By Dave Armstrong
The Asháninka arboreal chinchilla rat (Cuscomys ashaninka) has a new living cousin that also lives in trees and hung out with the Incas. The preserved rodents have been found in tombs so perhaps they have been more treasured in the past than they are now. The new species will be called Cuscomys oblativa as the northern Cusco locality is common to both animals while the head is slightly flattened, compared to its nearest relative, C. ashaninka The body measures 30cm, which males it cat-sized, even for the rat-like tail. The Andean cat, Leopardus jacobitais here for feline followers as "Andean cat in Patagonia", now available in Argentina, well away from the mountains!
400 years ago, the species was known in pottery buried with Incas, then a photograph in 2009 was thought to indicate 2 new species of arboreal chinchilla rats were extant. The Asháninka species was only discovered in 1999. Roberto Quispe found the live animal in 2009 while the curator of a Mexican museum, Horacio Zeballos has been instrumental in searching Wiñayhuayna, an Inca site on the Machu Picchu trail. Montane and cloud forest dominate the plant communities there, although habitat loss could well be the prime danger for the Cuscomys.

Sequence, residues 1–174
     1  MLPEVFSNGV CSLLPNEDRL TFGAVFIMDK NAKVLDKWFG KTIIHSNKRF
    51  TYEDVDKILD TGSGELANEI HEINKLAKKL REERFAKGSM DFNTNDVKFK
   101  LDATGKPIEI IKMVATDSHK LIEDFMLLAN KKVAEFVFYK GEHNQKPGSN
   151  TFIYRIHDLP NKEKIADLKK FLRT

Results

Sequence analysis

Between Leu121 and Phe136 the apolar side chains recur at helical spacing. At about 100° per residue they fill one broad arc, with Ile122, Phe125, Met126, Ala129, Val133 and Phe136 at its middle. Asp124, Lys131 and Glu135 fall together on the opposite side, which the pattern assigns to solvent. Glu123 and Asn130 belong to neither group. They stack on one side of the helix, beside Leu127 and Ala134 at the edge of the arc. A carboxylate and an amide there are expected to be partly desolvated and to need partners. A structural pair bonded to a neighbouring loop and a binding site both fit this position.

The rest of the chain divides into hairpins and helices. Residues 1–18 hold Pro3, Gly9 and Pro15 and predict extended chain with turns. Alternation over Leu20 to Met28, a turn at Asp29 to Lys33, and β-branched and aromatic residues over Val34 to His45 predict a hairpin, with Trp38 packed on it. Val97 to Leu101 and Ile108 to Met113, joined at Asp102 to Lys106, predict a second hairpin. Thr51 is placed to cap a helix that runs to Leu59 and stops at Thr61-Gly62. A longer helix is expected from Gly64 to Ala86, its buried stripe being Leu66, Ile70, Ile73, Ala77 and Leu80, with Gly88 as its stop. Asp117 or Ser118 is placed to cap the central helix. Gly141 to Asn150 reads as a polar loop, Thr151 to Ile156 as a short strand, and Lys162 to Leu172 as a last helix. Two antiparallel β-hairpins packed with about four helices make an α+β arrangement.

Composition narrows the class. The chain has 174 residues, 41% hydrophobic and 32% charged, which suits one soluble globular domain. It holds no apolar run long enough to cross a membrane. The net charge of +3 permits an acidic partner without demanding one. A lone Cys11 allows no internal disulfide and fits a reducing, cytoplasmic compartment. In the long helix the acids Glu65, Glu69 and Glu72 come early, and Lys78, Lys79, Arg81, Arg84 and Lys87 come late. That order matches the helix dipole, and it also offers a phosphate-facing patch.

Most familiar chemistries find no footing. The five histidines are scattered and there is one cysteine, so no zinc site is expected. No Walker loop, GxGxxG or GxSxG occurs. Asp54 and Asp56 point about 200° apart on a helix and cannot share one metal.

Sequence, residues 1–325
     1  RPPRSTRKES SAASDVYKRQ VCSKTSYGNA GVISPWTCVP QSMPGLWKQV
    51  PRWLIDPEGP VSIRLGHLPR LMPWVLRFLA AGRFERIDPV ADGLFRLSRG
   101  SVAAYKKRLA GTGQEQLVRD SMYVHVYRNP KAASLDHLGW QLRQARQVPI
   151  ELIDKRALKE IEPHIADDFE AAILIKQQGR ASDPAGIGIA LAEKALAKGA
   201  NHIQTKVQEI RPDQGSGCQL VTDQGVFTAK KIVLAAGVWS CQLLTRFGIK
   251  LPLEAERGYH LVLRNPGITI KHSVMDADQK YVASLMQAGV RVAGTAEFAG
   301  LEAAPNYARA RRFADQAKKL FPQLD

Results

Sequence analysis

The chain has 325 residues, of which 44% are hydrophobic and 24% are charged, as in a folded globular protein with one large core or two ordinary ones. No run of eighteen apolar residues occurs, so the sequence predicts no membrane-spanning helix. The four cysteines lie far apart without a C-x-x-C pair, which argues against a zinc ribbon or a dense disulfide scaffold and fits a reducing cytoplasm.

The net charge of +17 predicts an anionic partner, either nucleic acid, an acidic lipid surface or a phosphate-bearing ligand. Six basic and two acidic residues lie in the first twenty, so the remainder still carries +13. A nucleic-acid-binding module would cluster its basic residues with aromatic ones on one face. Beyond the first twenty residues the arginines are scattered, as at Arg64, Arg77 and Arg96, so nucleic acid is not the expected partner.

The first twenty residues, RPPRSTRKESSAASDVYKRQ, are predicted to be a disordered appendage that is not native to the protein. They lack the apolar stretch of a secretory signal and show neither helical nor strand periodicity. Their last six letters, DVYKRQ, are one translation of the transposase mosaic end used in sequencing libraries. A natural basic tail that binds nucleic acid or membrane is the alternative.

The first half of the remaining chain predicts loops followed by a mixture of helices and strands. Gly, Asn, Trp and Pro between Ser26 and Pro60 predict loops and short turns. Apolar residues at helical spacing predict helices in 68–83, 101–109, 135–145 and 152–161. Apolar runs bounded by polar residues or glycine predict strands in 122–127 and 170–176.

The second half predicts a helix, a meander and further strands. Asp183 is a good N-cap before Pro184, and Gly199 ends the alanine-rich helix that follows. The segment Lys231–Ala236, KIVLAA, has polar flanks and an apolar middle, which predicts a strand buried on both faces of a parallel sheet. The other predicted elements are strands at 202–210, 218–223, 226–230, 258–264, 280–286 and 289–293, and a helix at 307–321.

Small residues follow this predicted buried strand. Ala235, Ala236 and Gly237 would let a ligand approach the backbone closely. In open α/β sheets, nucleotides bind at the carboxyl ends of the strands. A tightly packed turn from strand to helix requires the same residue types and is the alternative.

All the researchers are presuming the species is herbivorous, but that can't be easily proved. The rest of the work involved the discovery of at least 6 other new species to science, all increasing the hope that this big tourist resource of 2 National Parks will be worth greater conservation effort by the Peruvian authorities! More at Mongabay here as- "In the shadows of Machu Picchu".